The Rio Grande Café began serving Mexican food in 1981, and since that time, it has remained locally owned and operated. Located in the historic Rio Grande Train Depot and offering Mexican fare in the form of enchiladas, tacos and chimichangas, the historic site provides patrons with a dining experience that is laid back and eclectic.
The History of the Rio Grande Café in Salt Lake City
An “Air Conditioned” Original
The Denver Rio Grande and Western Railroad service constructed the Rio Grande Depot in 1910 for $750,000. From the start, the owners billed the café as an “air conditioned” original. At the time, this feature was a profitable novelty, one that was, and still is, advertised via a pink neon sign installed over the café’s entryway. When you visit, you’re sure to notice the Taco Lady. Her painting is hung in the café’s dining room. The interior of the Rio Grande Café reflects a time when people ordered classic bottled Coca Cola while listening to tunes on the jukebox.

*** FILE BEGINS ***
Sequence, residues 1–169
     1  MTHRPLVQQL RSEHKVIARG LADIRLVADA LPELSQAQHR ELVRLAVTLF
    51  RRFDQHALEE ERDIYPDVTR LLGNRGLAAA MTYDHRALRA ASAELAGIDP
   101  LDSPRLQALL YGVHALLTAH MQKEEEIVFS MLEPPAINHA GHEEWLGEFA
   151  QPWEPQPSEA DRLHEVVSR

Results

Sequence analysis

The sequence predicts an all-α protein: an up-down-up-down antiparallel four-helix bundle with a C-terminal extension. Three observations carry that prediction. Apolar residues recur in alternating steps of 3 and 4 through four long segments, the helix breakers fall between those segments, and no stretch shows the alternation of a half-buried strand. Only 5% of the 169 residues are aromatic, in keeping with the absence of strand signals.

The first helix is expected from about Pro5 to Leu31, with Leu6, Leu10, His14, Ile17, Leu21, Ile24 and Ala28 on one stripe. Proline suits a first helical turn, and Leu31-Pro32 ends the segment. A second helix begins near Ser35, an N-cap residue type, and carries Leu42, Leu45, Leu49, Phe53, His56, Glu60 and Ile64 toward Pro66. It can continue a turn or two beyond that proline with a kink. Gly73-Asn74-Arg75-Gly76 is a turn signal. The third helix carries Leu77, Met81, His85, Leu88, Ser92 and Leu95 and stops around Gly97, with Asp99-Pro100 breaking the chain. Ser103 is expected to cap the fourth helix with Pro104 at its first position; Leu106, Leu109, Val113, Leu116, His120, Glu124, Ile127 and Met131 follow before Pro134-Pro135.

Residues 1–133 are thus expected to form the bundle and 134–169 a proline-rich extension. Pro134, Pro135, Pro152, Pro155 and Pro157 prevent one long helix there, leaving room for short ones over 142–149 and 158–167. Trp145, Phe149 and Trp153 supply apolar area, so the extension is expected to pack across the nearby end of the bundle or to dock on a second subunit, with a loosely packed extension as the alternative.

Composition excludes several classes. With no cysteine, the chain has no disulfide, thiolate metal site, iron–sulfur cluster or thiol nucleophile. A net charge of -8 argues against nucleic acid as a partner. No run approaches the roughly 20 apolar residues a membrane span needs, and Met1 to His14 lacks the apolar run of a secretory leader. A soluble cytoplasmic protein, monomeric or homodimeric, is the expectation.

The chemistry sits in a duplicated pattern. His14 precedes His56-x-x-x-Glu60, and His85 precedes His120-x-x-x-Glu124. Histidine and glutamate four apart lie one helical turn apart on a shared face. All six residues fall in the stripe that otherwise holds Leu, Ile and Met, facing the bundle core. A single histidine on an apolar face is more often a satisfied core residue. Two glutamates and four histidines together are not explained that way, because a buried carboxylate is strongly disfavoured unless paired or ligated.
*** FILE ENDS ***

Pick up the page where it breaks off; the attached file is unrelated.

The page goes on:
The Rio Grande Depot was a main travel hub in Utah, and it was designed to surpass the building constructed by the Union Pacific Depot a year earlier. The two stations echoed the fierce competition that was going on between D&RGW’s George Gould and UP’s E.H. Harriman, two well-known rail barons, at the time. Harriman wound up winning this competition since Gould wasted his family’s fortune building a rail line from Salt Lake City to San Francisco in a failed attempt to compete with Union Pacific. He completed the line, but it cost him his rail empire.
An Architectural and Historic Treasure
As one of Utah’s most splendid structures, the building is currently the home of the Utah State Historical Society, which shares the space with the Rio Grande Café. According to locals, the building is haunted by the Purple Lady. Legend says that she was a jilted woman who was killed by a train when she attempted to retrieve a ring that fell onto the railroad tracks. People have reported seeing her in the women’s restroom of the café, and security guards have claimed to hear her footsteps when they’re in the station’s mezzanine.
Fusing the Past and the Present
The Rio Grande Café is the perfect blend of the past and the present with its historic architecture and tasty Mexican cuisine. Those who head to the eatery for lunch or dinner will be charmed by the ambiance and filled to the brim with good food.